July 12, 2019

Pick a Colorado Plant, Any Plant

ice plants

At every Garden Bloggers Fling, attendees discuss which plant signifies that particular gathering and locale. It's always interesting to hear the ideas. Was it the multicolored Ice Plants (Delosperma spp.) blooming in so many of the gardens?

rock succulents

Or the tiny Hens and Chicks (Sempervivum spp.) and other low-growing succulent plants, which were also prevalent? These were particularly prominent in the many rock and crevice gardens in the Denver area.

Ninebark

The Ninebarks (Physocarpus opulifolius) were blooming: Who can argue with this beauty? But wait; this was one of the plants of the Toronto Fling, right?

agave

The cold-hardy Agaves were happy in several gardens. (Is this A. havardiana?) Well, Agaves were also an Austin Fling plant.

Poppy 1

Oh my gosh, the Poppies (Papaver and Eschscholzia spp.)!

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But Poppies are popular everywhere.

african daisies

Maybe it was the masses of African Daisies (Osteospermum spp.).

beaver tail cactus

Or the Cactuses, like this stunning, bright pink-blooming Beaver-Tail Cactus (Opuntia basilaris).

astrantia

Personally, I'm always partial to delicate, but tough Astrantias (A. major).

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And an all-time favorite that's native only to the Southwest U.S. and Northern Mexico is the shrub Apache Plume (Fallugia paradoxa). It looks different at various stages and in different lighting.

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Apache Plume seedheads resemble those of Prairie Smoke (Geum troflorum); both are in the rose family.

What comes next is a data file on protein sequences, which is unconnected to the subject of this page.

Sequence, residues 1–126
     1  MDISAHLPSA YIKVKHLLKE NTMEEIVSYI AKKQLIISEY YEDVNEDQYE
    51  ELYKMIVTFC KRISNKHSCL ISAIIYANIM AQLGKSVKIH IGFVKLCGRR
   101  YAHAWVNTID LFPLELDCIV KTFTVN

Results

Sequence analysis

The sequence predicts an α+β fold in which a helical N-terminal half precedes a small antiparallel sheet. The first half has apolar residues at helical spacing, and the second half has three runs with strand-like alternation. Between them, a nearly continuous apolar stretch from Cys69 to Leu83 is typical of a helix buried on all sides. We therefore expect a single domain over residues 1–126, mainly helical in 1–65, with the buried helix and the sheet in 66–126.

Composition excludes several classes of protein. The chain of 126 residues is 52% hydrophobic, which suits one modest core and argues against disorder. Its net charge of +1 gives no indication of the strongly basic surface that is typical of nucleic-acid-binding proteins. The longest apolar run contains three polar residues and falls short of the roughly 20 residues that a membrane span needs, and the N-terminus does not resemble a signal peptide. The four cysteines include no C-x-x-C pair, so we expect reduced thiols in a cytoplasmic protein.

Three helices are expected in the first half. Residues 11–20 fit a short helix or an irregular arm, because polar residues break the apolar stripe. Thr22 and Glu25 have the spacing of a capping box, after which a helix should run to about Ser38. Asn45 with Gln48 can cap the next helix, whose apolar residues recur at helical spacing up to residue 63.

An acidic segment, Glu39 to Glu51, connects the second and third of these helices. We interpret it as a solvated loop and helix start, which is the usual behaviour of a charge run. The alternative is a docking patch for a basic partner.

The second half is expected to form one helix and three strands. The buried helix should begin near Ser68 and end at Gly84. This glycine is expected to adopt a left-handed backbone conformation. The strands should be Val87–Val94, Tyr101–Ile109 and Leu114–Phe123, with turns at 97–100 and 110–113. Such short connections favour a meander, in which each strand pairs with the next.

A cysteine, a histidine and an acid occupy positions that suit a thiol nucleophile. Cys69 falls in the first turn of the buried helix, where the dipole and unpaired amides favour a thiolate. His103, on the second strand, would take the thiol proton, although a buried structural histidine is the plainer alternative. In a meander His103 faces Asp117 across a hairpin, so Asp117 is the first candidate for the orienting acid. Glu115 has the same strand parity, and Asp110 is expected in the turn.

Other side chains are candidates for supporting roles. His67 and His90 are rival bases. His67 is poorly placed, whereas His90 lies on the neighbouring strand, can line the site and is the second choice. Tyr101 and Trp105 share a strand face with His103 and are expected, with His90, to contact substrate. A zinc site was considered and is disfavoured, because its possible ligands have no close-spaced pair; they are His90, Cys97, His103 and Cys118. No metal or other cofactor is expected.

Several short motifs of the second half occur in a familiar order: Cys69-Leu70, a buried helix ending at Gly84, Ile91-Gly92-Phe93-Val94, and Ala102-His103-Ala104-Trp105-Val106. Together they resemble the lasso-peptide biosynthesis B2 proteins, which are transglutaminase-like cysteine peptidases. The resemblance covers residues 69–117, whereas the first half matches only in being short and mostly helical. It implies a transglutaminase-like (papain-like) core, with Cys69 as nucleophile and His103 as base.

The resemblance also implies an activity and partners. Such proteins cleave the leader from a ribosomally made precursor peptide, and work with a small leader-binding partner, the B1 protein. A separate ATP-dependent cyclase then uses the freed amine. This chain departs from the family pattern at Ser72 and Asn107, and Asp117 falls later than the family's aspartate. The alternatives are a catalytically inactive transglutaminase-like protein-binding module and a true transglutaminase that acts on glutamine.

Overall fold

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Many people felt that Foxtail Lilies (Eremurus robustus) were the Denver Fling signature plant.

fox tail lily 1

They were quite dramatic--like candelabra glowing over their garden beds.

rm penstemon 1

But perhaps the signature plant of the Denver Garden Bloggers Fling was the Rocky Mountain Penstemon (P. strictus). That color, that form, those "pollinator pockets"!

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How does one choose? All the Fling plants were fabulous!

June 30, 2019

A Garden Full of Joy and Whimsy

terra cotta

You know your favorite aunt whose face lights up when you come to visit...her entire demeanor exudes joy and welcoming? That's what it was like to visit the garden of Jean Morgan, near Denver, Colo., during this year's Garden Bloggers Fling, earlier this month. (If you guessed Colorado, based on my last post: 3 points; Denver area: 5 points; Garden Bloggers Fling: 10 points!)

Jean

Jean was so genuinely happy to see us and share her garden--and warm and welcoming--that this particular visit was a highlight, for me, of the entire Fling! The house and property is a historic landmark in what previously was known as "Little Bulgaria" in the town of Louisville, Colo.

pathways

Jean has lovingly cared for this garden for several decades--designing and placing all the plants herself. Hens and Chicks (Sempervivum spp.), herbs, and other drought-tolerant plants cover the entire small property, creating a lovely xeric, low-maintenance garden.

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Patches of Love in a Mist (Nigella damascena) create a dreamy frame for the succulents.

barney bazooka

Part of the joy of Jean's garden is that it's real. By this, I mean that Jean authentically created the displays herself. The garden is full of whimsical touches, like this bathtub/metal objects creation, Barney Bazooka DeChomp III.

more whimsy

A pump faucet washtub full of herbs and its neighbor pot with a face.

chocolate